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Refusing to leave the playground

Steph Wicker

Steph Wicker

Stephanie Wicker is a child behaviour expert, parenting educator, counsellor and speaker – who has successfully guided families through early childhood for over 15 years. Through her experience with private consultancy, as a preschool teacher and special needs therapist – she has worked across the many facets of early childhood behaviour.
Created on Oct 10, 2023 · 2 mins read

We’ve all been there. Your little one is having an incredibly fun time in the playground but then nap time creeps up and it’s time to leave – but they don’t want to hear of it!

Leaving the play area will always be a challenge for a young brain, simply because they are having too much fun, and the activities are highly stimulating. This leads to a brain feeling ‘spent’ and exhausted.

On top of that, announcing ‘let’s leave’ places a sudden demand on them which becomes a big deal for your little one’s brain, because they have been playing and learning for a long time.

This is where it’s a good idea to start simple and build your way up. By starting simple, you are activating areas of their brain that boost compliance and coping.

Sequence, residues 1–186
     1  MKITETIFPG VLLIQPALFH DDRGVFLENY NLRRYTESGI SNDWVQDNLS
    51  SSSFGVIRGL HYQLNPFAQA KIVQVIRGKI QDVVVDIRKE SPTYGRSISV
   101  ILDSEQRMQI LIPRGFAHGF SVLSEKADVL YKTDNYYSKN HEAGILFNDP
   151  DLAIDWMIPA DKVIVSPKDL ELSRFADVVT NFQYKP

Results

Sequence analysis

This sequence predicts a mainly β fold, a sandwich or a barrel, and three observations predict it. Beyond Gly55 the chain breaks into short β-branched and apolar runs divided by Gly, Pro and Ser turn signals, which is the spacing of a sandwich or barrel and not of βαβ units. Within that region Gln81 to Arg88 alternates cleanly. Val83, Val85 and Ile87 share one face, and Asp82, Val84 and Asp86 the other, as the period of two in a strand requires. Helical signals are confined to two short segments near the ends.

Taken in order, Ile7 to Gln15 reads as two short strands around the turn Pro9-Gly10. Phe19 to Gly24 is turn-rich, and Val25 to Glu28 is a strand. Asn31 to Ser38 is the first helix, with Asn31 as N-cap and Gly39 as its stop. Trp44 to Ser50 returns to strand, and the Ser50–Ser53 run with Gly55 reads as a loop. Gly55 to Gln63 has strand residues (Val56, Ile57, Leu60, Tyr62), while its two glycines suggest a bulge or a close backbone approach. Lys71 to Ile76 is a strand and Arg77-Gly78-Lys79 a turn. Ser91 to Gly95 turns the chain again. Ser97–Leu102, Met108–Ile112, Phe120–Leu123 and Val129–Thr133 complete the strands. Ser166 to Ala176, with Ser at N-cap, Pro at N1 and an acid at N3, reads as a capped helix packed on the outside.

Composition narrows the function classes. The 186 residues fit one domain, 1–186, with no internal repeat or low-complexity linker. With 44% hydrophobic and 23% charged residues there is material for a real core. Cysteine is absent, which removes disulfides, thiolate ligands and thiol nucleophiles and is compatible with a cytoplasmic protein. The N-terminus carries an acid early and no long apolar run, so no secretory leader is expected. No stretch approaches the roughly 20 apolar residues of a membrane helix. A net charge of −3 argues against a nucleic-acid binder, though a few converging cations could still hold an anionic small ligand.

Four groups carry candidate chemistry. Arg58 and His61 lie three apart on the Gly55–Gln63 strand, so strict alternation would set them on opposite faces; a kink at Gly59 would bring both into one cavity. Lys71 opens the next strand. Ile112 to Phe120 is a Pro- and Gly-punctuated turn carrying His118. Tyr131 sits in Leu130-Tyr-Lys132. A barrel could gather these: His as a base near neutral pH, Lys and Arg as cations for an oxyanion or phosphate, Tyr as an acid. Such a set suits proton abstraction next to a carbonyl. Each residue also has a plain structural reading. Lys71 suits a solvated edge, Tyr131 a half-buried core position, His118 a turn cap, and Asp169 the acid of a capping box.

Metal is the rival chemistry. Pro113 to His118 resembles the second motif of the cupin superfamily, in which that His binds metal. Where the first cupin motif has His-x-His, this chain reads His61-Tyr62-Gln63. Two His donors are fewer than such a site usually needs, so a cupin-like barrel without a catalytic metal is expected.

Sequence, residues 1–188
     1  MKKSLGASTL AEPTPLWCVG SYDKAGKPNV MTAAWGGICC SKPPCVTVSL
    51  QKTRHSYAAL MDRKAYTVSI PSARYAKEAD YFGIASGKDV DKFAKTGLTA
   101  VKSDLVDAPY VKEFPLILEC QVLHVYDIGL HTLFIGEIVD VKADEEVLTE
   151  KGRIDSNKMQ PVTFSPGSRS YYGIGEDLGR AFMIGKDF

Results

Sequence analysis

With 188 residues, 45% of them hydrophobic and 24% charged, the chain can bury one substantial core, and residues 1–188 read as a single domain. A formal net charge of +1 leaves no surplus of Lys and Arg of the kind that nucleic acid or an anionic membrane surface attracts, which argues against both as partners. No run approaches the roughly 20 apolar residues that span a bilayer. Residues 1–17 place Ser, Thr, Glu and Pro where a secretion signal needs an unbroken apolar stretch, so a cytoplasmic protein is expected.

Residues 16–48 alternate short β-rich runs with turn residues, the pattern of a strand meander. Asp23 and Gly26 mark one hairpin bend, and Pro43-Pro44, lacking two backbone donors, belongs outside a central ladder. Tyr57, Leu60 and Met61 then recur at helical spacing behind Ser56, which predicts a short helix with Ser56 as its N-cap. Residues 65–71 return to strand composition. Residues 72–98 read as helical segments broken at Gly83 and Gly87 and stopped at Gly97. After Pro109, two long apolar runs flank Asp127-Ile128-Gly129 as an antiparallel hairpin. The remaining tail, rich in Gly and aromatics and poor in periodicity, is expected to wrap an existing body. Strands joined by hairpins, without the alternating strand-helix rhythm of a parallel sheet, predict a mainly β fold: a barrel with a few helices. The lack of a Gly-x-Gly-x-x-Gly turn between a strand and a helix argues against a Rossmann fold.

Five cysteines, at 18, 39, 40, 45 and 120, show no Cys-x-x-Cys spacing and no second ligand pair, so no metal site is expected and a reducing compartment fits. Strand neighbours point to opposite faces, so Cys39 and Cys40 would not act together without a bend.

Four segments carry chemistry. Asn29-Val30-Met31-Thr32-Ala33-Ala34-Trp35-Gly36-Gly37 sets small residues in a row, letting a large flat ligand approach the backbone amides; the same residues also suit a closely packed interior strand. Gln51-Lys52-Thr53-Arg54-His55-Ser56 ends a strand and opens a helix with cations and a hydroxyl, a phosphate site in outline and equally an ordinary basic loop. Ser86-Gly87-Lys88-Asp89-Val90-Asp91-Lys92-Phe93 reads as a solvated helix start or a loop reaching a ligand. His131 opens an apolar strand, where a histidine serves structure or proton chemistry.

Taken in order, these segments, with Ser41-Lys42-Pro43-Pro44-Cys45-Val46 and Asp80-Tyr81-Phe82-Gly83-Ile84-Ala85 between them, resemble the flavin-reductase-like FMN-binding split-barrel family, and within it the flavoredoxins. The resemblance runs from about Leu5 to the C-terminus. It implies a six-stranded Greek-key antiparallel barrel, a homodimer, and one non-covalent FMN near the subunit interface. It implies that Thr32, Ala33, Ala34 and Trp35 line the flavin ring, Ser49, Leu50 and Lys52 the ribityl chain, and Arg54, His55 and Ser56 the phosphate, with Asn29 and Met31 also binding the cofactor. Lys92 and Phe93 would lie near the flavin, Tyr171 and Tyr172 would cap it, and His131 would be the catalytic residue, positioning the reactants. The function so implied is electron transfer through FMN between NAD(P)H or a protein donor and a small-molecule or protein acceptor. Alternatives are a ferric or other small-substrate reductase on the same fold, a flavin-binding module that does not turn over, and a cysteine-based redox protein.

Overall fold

For example, begin with…

  • Wow! What have you been making over here?
  • That’s so cool, can you tell me what this does?
  • Clever boy! Can I have a high five?
  • Aw thanks! Now can you give me that cool toy?
  • Great! Let’s put your shoes on! What a big boy
  • Great listening! Let’s get in the car, what music should we listen to?

boy playing on see-saw

In this example, there are a lot of language techniques that boost obedience.

The conversation started by simply asking easy to answer questions to create an instant rapport between adult and child. Then, the questions increased to gentle demands, gradually building to harder demands such as giving up a toy and putting on shoes.

You then ended with a demand, getting in the car, and paired it with a choice ‘what music should we listen to?’.

This places your toddler’s attention on the outcome of being in the car and all that it has to offer, rather than missing out on the playground – which is inevitably what is going to happen.

This is a literal, action-based technique that works wonders. The key is being connected and enjoying their company. Notice it doesn’t boss them around or try to ‘control’ their behaviour. You are simply working your way, fairly, towards your ultimate outcome.

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